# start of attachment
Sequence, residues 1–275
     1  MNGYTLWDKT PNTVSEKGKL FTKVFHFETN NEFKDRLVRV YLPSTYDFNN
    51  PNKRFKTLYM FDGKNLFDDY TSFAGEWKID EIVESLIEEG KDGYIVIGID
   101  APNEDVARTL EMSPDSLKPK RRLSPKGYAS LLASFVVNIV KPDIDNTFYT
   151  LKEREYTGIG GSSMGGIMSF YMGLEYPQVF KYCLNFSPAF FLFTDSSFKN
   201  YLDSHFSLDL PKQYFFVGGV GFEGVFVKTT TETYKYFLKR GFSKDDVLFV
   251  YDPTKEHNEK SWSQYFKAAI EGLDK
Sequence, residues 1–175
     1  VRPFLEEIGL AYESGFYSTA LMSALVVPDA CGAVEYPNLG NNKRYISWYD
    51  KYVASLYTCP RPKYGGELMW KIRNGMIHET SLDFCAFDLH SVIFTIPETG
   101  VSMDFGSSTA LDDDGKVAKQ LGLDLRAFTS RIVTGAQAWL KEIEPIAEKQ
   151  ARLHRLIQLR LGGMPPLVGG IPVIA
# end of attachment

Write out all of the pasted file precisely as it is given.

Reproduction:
Sequence, residues 1–275
     1  MNGYTLWDKT PNTVSEKGKL FTKVFHFETN NEFKDRLVRV YLPSTYDFNN
    51  PNKRFKTLYM FDGKNLFDDY TSFAGEWKID EIVESLIEEG KDGYIVIGID
   101  APNEDVARTL EMSPDSLKPK RRLSPKGYAS LLASFVVNIV KPDIDNTFYT
   151  LKEREYTGIG GSSMGGIMSF YMGLEYPQVF KYCLNFSPAF FLFTDSSFKN
   201  YLDSHFSLDL PKQYFFVGGV GFEGVFVKTT TETYKYFLKR GFSKDDVLFV
   251  YDPTKEHNEK SWSQYFKAAI EGLDK
Sequence, residues 1–175
     1  VRPFLEEIGL AYESGFYSTA LMSALVVPDA CGAVEYPNLG NNKRYISWYD
    51  KYVASLYTCP RPKYGGELMW KIRNGMIHET SLDFCAFDLH SVIFTIPETG
   101  VSMDFGSSTA LDDDGKVAKQ LGLDLRAFTS RIVTGAQAWL KEIEPIAEKQ
   151  ARLHRLIQLR LGGMPPLVGG IPVIA